Male circumcision and penile cancer: a systematic review and meta-analysis.


Larke, NL; Thomas, SL; dos Santos Silva, I; Weiss, HA; (2011) Male circumcision and penile cancer: a systematic review and meta-analysis. Cancer causes & control, 22 (8). pp. 1097-110. ISSN 0957-5243 DOI: https://doi.org/10.1007/s10552-011-9785-9

[img]
Preview
Text - Published Version
License:

Download (480kB) | Preview

Abstract

OBJECTIVE: We systematically reviewed the evidence of an association between male circumcision and penile cancer.<br/> METHODS: Databases were searched using keywords and text terms for the epidemiology of penile cancer. Random effects meta-analyses were used to calculate summary odds ratios (ORs) and 95% confidence intervals (CI).<br/> RESULTS: We identified eight papers which evaluated the association of circumcision with penile cancer, of which seven were case-control studies. There was a strong protective effect of childhood/adolescent circumcision on invasive penile cancer (OR = 0.33; 95% CI 0.13-0.83; 3 studies). In two studies, the protective effect of childhood/adolescent circumcision on invasive cancer no longer persisted when analyses were restricted to boys with no history of phimosis. In contrast, there was some evidence that circumcision in adulthood was associated with an increased risk of invasive penile cancer (summary OR = 2.71; 95% CI 0.93-7.94; 3 studies). There was little evidence for an association of penile intra-epithelial neoplasia and in situ penile cancer with circumcision performed at any age.<br/> CONCLUSIONS: Men circumcised in childhood/adolescence are at substantially reduced risk of invasive penile cancer, and this effect could be mediated partly through an effect on phimosis. Expansion of circumcision services in sub-Saharan Africa as an HIV prevention strategy may additionally reduce penile cancer risk.<br/>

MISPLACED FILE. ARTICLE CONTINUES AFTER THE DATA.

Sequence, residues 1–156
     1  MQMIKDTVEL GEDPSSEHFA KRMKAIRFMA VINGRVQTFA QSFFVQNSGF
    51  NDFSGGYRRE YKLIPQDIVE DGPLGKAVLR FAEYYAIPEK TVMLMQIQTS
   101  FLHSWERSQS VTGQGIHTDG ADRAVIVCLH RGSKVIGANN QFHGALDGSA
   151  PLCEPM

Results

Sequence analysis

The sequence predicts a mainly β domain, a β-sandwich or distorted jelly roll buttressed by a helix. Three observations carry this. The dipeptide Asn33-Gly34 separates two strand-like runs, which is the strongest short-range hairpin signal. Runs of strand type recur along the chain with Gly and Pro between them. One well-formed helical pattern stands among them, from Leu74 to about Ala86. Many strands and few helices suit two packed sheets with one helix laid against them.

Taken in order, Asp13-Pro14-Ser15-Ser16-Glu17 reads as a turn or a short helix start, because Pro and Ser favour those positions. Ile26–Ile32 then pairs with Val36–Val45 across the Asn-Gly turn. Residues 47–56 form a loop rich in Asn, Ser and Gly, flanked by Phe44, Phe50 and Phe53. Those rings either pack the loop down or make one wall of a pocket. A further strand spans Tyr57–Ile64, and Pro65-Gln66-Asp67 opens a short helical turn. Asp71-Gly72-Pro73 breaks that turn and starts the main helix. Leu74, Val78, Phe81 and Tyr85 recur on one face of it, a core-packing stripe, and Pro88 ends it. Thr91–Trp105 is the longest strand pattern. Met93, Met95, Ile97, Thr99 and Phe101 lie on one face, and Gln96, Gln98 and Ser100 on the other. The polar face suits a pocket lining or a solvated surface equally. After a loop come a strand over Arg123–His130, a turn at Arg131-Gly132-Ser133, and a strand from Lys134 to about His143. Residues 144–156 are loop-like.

Item Type: Article
Faculty and Department: Faculty of Epidemiology and Population Health > Dept of Non-Communicable Disease Epidemiology
Faculty of Epidemiology and Population Health > Dept of Infectious Disease Epidemiology
Research Centre: Centre for Global Non-Communicable Diseases (NCDs)
Tropical Epidemiology Group
PubMed ID: 21695385
Web of Science ID: 292928300003
URI: http://researchonline.lshtm.ac.uk/id/eprint/580

Statistics


Download activity - last 12 months
Downloads since deposit
281Downloads
362Hits
Accesses by country - last 12 months
Accesses by referrer - last 12 months
Impact and interest
Additional statistics for this record are available via IRStats2

Actions (login required)

Edit Item Edit Item